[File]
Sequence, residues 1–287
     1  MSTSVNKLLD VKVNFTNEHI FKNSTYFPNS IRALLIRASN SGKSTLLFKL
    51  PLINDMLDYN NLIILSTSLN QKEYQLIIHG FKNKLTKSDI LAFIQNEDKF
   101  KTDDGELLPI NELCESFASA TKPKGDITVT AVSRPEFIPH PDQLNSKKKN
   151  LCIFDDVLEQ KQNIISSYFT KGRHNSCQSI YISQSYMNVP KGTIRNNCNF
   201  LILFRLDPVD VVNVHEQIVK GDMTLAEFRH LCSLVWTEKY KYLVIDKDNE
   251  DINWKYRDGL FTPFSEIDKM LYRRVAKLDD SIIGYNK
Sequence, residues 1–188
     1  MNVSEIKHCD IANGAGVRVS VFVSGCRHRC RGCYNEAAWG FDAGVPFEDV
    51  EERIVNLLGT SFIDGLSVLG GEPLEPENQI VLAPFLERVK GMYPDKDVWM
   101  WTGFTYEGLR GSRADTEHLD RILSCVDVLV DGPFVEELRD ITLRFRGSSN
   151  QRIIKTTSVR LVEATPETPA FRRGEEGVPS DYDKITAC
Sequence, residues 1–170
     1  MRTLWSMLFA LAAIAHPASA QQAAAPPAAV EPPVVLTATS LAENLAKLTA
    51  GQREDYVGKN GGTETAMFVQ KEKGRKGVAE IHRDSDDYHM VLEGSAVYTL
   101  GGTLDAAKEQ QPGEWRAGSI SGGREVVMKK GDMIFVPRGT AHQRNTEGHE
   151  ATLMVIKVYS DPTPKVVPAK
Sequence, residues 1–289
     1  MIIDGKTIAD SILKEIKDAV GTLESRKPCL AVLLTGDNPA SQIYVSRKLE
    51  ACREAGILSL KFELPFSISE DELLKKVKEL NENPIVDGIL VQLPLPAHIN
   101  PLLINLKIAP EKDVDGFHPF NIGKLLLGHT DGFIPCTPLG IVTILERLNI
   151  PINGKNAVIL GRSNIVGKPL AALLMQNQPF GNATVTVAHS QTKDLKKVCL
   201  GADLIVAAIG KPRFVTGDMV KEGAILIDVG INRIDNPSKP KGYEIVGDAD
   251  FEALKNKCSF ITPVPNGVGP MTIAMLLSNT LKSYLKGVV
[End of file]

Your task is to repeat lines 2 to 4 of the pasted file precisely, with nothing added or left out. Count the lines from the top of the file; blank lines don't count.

     1  MSTSVNKLLD VKVNFTNEHI FKNSTYFPNS IRALLIRASN SGKSTLLFKL
    51  PLINDMLDYN NLIILSTSLN QKEYQLIIHG FKNKLTKSDI LAFIQNEDKF
   101  KTDDGELLPI NELCESFASA TKPKGDITVT AVSRPEFIPH PDQLNSKKKN